Moderate alcohol consumption reduces cardiovascular risk in postmenopausal women

February 22, 2002

Women's risk of cardiovascular disease (CVD) rises after menopause due to unfavorable changes in lipid profiles, brought on by the loss of the protective effect of endogenous estrogens. In a study published in the American Journal of Clinical Nutrition, Bauer et al. compared serum lipid concentrations in a group of postmenopausal women after they had consumed moderate amounts of alcohol over 8 weeks, concluding that alcohol decreases CVD risk in this group by improving the levels of several different blood lipids. The 51 women who participated in the study averaged 60 years old, were all healthy, were not taking hormone replacement therapy, and had no personal or family history of alcohol abuse. In a random crossover design, all of the women completed 3 dietary periods of 8 weeks each, consuming a typical American diet that was prepared and served each day at the USDA Human Nutrition Research Center in Beltsville, MD. A control diet provided no alcohol, whereas a proportionate amount of energy in the other two diets was supplied by either 15 grams of alcohol per day (equivalent to 1 drink) or 30 grams (equivalent to 2 drinks). Baseline blood samples were collected at the beginning of the study and again during the eighth week of each of the diets.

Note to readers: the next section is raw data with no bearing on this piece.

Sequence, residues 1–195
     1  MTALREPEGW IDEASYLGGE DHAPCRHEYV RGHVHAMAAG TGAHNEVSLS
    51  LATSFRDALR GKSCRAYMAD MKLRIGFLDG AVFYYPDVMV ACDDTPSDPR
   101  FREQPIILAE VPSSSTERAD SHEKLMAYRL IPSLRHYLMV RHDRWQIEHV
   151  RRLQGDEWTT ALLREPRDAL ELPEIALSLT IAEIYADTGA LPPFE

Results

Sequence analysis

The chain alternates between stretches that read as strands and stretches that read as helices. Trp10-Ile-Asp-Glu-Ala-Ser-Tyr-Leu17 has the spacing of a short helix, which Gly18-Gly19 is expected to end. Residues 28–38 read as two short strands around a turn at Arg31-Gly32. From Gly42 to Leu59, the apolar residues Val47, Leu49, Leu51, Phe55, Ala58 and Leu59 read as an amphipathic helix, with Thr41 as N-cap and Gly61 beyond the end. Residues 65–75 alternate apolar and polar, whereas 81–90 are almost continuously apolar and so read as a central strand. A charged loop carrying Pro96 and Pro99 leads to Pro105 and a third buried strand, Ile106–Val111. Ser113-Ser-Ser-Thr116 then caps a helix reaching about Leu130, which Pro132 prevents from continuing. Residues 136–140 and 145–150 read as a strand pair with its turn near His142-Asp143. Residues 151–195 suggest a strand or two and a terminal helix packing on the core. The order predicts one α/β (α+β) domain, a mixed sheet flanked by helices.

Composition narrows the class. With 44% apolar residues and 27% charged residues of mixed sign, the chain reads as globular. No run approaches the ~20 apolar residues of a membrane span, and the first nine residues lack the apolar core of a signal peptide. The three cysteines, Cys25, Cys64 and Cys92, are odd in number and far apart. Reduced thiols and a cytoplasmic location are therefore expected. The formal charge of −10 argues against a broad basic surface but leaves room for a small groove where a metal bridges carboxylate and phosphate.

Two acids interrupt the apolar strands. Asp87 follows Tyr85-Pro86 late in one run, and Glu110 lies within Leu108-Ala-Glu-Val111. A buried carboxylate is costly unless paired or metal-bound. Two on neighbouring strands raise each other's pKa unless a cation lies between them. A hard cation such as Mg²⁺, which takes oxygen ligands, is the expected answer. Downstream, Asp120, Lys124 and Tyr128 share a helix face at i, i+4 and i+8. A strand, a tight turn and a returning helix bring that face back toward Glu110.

Each of the alcohol-containing diets improved lipid profiles by reducing low- density lipoprotein (LDL) cholesterol and triacylglycerol levels, whereas the 2-drink diet increased high-density lipoprotein (HD) cholesterol levels. Women who began the study with the highest serum concentrations of LDL-cholesterol and triacylglycerols showed the greatest benefit. Considering the magnitude of lipid changes observed in the study, the authors project that consumption of 1 alcoholic drink per day could decrease CVD risk in postmenopausal women by 4-5%, and consuming 2 drinks per day could result in a 10-13% decrease in CVD risk.
-end-
Baer, David J et al. Moderate alcohol consumption lowers risk factors for cardiovascular disease in postmenopausal women fed a controlled diet. Am J Clin Nutr 2002;75:593-9.

This media release is provided by The American Society for Clinical Nutrition to provide current information on nutrition-related research. This information should not be construed as medical advice. If you have a medical concern, consult your doctor. To see the complete text of this article, please go to:
http://www.faseb.org/ajcn/March/12595-Baer.pdf

For more information, please contact: baer@bhnrc.arsusda.gov

American Journal of Clinical Nutrition

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